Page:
If all the drives were to be used concurrently, it would put you around the same speed as an old mechanical HDD on each one. If you're splitting your library load over these, I can see why that might also cause it to bottleneck as you load up more and more instruments.

The SATA cards will give each drive connected it's own dedicated full bandwidth, so they would all get 550 each to use.
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Re: Would buying an iMac 27" 3.4Ghz Quad Core i7 | 32GB | 1TB | GeForce GTX 675MX 1024MB solve all my p

Postby altruistica » Thu Apr 23, 2020 7:21 pm

Yes Pete,
All three SSD connect to the hub, which has a connecting lead into the PCI card. The good news though, is that the samples are all on the same 1Tb drive. The other 250Gb drives are for data, such as stored projects, wav exports etc. They wouldn't normally be in use once a project has say loaded.
I've managed to rebuild the PC and Studio One and got the project up and running with no problems. I've only run it once and then decided to clone the system drive now everything is installed. I'll use Task Manager to keep an eye on how things run. My orchestral template is about 25Gb fully loaded with Dominus and a pit band. These should suffice for this next project. Many thanks for all the advice.
Al
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Re: Would buying an iMac 27" 3.4Ghz Quad Core i7 | 32GB | 1TB | GeForce GTX 675MX 1024MB solve all my p

Postby altruistica » Sat Apr 25, 2020 1:42 pm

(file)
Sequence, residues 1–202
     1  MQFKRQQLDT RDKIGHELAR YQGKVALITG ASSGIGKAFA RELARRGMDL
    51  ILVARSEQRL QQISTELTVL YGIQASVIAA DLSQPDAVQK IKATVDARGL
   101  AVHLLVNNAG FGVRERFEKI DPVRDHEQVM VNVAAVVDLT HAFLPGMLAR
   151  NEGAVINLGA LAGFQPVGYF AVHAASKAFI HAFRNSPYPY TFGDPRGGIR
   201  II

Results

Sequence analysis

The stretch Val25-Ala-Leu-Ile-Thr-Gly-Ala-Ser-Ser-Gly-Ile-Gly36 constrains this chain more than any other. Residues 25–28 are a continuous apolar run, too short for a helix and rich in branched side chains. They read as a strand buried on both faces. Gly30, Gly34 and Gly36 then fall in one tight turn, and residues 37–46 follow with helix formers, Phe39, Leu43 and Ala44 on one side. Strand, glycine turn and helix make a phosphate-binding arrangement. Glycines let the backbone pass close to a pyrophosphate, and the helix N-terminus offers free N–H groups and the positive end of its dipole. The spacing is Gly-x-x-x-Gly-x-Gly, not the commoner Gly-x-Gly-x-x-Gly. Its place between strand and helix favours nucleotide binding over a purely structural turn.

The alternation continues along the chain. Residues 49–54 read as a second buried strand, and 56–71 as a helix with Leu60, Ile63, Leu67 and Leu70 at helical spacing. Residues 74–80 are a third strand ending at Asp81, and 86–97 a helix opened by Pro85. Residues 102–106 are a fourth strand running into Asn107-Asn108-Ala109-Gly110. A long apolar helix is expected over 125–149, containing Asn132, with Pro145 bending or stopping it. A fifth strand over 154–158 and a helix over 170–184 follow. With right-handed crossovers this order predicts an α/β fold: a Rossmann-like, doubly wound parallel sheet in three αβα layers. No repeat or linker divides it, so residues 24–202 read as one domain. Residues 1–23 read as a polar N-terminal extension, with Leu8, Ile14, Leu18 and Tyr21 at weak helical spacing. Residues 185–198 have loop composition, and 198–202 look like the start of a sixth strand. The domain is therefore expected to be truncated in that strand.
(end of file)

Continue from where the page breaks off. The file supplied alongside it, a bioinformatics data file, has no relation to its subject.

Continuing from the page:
I've managed to get everything playing nicely now. Kontakt was giving me problems but is now ok. Knowing I can interrogate what's going on with the 'Task Manager' is going to be hugely helpful. Everything now is playing nicely, but with 22Gb RAM loaded in my template (I have a theoretical 64Gb available) I can see I might need to re-think this. I loaded one Kontakt version per instrument as this allowed me to use the Nektar P6 better. There may be a different workaround. I'm just experimenting now with Dorico and expression maps to see how they might tie in with Studio One. I have Notion 6 (Presonus software) which has a neat 'flip' facility to send midi data back and forth between Studio One, but the package itself is not as deep as Dorico. Anyway, after 33 years, I finally recorded the Ave Maria I wrote so long ago for our weeding. Here it is. You helped me get the PC and the project finished.
Thanks Pete.
All the best Al
https://www.youtube.com/watch?v=jkaLgtF ... e=youtu.be
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Re: Would buying an iMac 27" 3.4Ghz Quad Core i7 | 32GB | 1TB | GeForce GTX 675MX 1024MB solve all my p

Postby Pete Kaine » Tue Apr 28, 2020 9:57 am

Glad you've managed to get it all playing nicely and sounds like your better placed to keep it ticking over for the time being. Always great to hear someone getting the results they wanted finally too, even more so when it's a long-standing personal project. A happy ending all round.